These two appeals arise out of a declaratory judgment action brought by appellee to determine its duty to defend its insured under a policy of general liability insurance. The trial court concluded that appellee had no duty to defend its insured and entered judgment in favor of appellee.
The relevant facts are that appellee issued a policy of insurance to Robert Kesler d/b/a Dynamic Cleaning Service, Inc. ("Dynamic"). Dynamic had a contract to provide after hours cleaning services to a Dairy Queen restaurant where Mr. Geoffrey Brosy was employed as the manager. Lloyd Kemp, an employee of Dynamic assigned to actually clean the restaurant, was in the process of cleaning the Dairy Queen when he allowed a former employee of the Dairy Queen to enter the restaurant. The former employee attacked Mr. Brosy by stabbing him repeatedly. The Brosys sued Kesler, Dynamic and Kemp, alleging that Kemp was negligent in allowing an unauthorized person to enter the restaurant after the close of business and that Kesler and Dynamic were liable under a theory of respondeat superior. At the time of the incident, Dynamic was insured under a policy of general liability insurance issued by appellee which contained the following assault and battery exclusion: "[N]o coverage shall apply under this policy for any claim, demand or suit based on assault and battery, and assault and battery shall not be deemed an accident, whether or not committed by or at the direction of the insured." Appellee provided a defense to the defendants pursuant to a reservation of rights letter but subsequently filed a declaratory action to determine its duty to defend the defendants. Appellee moved for summary judgment on the grounds that the Brosys' claims were based on the assault and battery and thus were excluded under the terms of the policy. Kesler, Dynamic and Kemp also moved for summary judgment, contending that the exclusion did not apply because the complaint alleged a cause of action for negligence in allowing an unauthorized person to enter the restaurant after business hours. The trial court granted summary judgment to appellee and denied summary judgment to Kesler, Dynamic and Kemp. In Case No. A92A1989, Kesler, Dynamic and Kemp appeal the trial court's order, and in Case No. A92A1990, the Brosys appeal the same order.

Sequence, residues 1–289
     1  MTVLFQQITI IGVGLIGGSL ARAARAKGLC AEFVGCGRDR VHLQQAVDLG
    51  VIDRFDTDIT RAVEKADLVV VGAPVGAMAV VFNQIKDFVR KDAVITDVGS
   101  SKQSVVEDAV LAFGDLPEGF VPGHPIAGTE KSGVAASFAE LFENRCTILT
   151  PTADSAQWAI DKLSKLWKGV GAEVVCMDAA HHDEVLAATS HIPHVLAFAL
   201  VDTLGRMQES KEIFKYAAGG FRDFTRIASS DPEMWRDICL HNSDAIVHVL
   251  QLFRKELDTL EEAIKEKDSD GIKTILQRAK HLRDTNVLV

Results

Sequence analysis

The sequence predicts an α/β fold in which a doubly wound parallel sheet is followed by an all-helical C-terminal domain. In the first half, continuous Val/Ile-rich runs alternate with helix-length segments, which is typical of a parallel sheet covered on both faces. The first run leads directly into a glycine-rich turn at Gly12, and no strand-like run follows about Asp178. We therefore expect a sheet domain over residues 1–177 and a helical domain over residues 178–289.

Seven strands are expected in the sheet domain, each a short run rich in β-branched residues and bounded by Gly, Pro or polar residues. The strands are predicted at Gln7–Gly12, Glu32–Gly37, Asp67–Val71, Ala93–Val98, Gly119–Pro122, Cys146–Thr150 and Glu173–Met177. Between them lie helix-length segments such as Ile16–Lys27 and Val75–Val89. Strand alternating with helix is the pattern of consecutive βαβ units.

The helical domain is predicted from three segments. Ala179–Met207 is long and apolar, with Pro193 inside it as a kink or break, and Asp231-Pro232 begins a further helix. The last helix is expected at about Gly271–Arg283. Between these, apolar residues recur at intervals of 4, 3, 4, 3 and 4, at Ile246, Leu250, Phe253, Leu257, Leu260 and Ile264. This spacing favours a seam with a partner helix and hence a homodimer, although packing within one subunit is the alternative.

" 'An insurance company may fix the terms of its policies as it wishes, provided they are not contrary to law, and it may insure against certain risks and exclude others.' . . . [Cit.]" Lofton v. State Farm &c. Ins. Co., 192 Ga. App. 154 (384 SE2d 245) (1989)
. Furthermore, "[a]n insurer's duty to defend is determined by comparing the allegations of the complaint with the provisions of the policy. [Cits.]" Batson-Cook Co. v. Aetna Ins. Co., 200 Ga. App. 571
, 572 (409 SE2d 41
) (1991). Appellants' argument that the exclusion does not apply because the complaint alleges negligence and not assault and battery is unpersuasive. Although the complaint alleges that Kemp was negligent in creating the circumstances which allowed the assault to occur, the injuries which gave rise to the cause of action arose out of and were clearly based on the assault and battery. Consequently, the fact that Kemp may have negligently allowed the assault to occur does not negate the effect of the exclusion.
Appellants also argue that the exclusion should be construed such that it applies only to an assault and battery committed by an employee of the insured. " '(A)n unambiguous policy requires no construction, and its plain terms must be given full effect even though they are beneficial to the insurer and detrimental to the insured. (Cits.)' [Cit.]" Liberty Nat. Ins. Co. v. Davis, 198 Ga. App. 343
, 344 (401 SE2d 555
) (1991). The language of the exclusion unambiguously provides that a claim based on assault and battery is not covered by the policy. The second part of the sentence is also clear that an assault and battery is not an "accident," which is covered by the policy, regardless of whether the assault and battery was committed by the insured, one of the insured's employees or some unknown third party.
Although we have found no Georgia cases which interpret the assault and battery exclusion, numerous courts from other jurisdictions have uniformly rejected the arguments advanced by appellants. See, e.g., United Nat. Ins. Co. v. Entertainment Group, 945 F2d 210, 213-214 (7th Cir. 1991); Essex Ins. Co. v. Yi, 795 FSupp. 319 (N.D. Cal. 1992); Terra Nova Ins. Co., Ltd. v. Nanticoke Pines, Ltd., 743 FSupp. 293, 297-298 (Del. 1990); Terra Nova Ins. Co., Ltd. v. North Carolina Ted, 715 FSupp. 688, 690 (E.D.Pa. 1989); Wallace v. Huber, 597 S2d 1247 (La.App. 3rd Cir. 1992); Roloff v. Taste of Minnesota, 488 NW2d 325 (Minn. App. 1992); Britamco Underwriters v. Zuma Corp., 576 S2d 965 (Fla.App. 5th Dist. 1991). Appellants attempt to distinguish some or all of the cases from foreign jurisdictions, but we find no material distinctions in either the facts of the cases or the exclusions contained in the policies. The issue before us is not whether Dynamic should be liable for the negligence of Kemp but whether the policy which it purchased protects it against the type of harm which occurred. Appellants have cited no authority in support of their argument that the Brosys' claims are within the scope of the coverage provided in the, policy, and the overwhelming weight of authority from other jurisdictions is contrary to the arguments advanced by appellants. Accordingly, we conclude that summary judgment was appropriately entered in favor of appellee.
Bentley, Karesh & Seacrest, Gary L. Seacrest, Richard B. Crohan, for appellants (case no. A92A1989).